Home > Anaesthesia, Orthopaedics > Term 9 (W/C Aug 30 to Sept 6)

Term 9 (W/C Aug 30 to Sept 6)

August 31, 2014

Welcome back to another week of Gasclass! Life has been busy and the summer is drawing to a close, and more cases will (hopefully) be coming your way.

Today you’re on call on a weekend and you’re asked to do a B case for a C1-C2 fusion.  This middle-aged man had a fall (EtOH related) several months ago and had multi-level C-spine fractures that was treated conservatively (initially with halo fixation and then Aspen collar).  However, during his followup appointment and repeat CT scan it was found that his C2 vertebrae had bone resorption and non-union, therefore it was deemed unstable and would need operative fixation.

Important past medical history included previous STEMI requiring 2x BMS, and a residual LVEF of 35% with moderate diastolic dysfunction.  He drinks and smokes heavily.  He does not have any neurological consequences from his C-spine fracture at this point.

What are your considerations for this case, and how would you anesthetize him?

The surgeons plan on doing a posterior approach, which would require proning the patient.

What is the safest option for c-spine fixation for proning? What special considerations do you have for a prone case?

After placing an awake arterial line, you proceed to induce the patient. The initial view with VL and MILS is a Cormack-Lehane grade 4 (no epiglottis seen). What is your plan?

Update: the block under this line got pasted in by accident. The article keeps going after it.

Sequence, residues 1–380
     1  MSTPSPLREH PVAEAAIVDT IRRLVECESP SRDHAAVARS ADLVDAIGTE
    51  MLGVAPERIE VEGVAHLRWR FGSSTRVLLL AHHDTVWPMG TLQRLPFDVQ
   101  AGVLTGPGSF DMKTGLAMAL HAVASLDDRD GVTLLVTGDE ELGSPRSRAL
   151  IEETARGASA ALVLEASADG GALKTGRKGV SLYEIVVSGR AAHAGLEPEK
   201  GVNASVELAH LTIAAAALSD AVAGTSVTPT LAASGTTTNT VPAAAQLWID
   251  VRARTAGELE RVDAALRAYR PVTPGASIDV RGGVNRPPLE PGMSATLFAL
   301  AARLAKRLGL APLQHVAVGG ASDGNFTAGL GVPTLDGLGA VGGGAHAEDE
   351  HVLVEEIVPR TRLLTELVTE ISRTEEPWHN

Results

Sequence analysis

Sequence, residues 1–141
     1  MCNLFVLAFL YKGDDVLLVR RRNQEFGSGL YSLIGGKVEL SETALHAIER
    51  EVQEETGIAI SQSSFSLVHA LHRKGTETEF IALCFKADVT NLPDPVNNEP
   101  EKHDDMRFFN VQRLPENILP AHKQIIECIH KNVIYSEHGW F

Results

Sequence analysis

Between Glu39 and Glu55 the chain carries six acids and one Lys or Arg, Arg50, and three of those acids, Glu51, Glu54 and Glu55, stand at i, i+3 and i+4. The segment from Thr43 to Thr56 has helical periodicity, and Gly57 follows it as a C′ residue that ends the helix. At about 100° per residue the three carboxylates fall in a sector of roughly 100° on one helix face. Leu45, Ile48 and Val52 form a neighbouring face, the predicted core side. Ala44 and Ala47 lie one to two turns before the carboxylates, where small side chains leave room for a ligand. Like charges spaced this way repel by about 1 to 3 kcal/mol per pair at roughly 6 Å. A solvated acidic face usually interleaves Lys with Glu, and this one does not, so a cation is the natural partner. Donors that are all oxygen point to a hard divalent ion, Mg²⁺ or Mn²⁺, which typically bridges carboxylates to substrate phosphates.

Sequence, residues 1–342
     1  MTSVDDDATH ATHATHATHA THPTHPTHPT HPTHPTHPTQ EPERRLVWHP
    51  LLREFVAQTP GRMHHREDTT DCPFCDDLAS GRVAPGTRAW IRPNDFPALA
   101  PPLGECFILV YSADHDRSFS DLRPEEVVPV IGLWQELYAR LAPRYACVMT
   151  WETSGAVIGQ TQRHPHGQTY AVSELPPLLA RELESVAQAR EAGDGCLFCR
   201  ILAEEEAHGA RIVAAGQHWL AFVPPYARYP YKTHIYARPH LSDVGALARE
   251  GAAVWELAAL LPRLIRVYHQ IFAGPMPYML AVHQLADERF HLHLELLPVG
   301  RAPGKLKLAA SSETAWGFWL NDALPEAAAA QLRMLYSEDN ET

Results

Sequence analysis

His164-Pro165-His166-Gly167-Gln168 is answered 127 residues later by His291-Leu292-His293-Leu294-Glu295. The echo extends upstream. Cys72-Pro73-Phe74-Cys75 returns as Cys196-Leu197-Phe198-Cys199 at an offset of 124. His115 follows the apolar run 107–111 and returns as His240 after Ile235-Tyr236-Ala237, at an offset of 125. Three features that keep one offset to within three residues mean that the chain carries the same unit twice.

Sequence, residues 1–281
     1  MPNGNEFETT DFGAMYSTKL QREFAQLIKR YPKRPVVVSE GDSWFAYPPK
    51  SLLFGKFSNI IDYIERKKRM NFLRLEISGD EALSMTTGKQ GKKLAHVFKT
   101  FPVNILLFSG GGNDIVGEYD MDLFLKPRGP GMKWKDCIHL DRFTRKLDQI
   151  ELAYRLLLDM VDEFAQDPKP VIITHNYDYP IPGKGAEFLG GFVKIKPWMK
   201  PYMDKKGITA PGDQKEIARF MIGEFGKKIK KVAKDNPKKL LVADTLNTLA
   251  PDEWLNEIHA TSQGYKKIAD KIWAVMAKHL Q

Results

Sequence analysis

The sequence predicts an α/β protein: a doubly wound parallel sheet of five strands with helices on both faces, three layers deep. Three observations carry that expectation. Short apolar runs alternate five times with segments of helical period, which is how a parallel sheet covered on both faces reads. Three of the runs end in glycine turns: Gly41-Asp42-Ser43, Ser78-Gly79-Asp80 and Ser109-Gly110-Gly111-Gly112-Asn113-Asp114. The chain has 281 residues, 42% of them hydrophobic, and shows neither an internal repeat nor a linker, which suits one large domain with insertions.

You remove the VL and BMV the patient (luckily they are easy!) while the RT turns on the bronch.  With jaw extrusion and tongue retraction, you cannot identify any recognizable glottic structures with the bronch.  Meanwhile, the blood pressure post-induction has drifted down to SBP 60.

What is your next step and plan?

You try to BMV and thankfully he remains easy.  You place an LMA that allows for intubation and bronch through that — the cords are easily visible and the trachea is intubated with the bronch.  You railroad the 7.5 ETT through the LMA with some coaxing, but you’re concerned that removing the LMA might cause extubation.  What are your options to keep the ETT in place?

What is your plan to manage his hemodynamics now and during the case? (remember, his head will be in pins and proned).

Remember to tag your responses with #gasclass.  There are no right or wrong answers, and everyone is encouraged to participate!

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Categories: Anaesthesia, Orthopaedics
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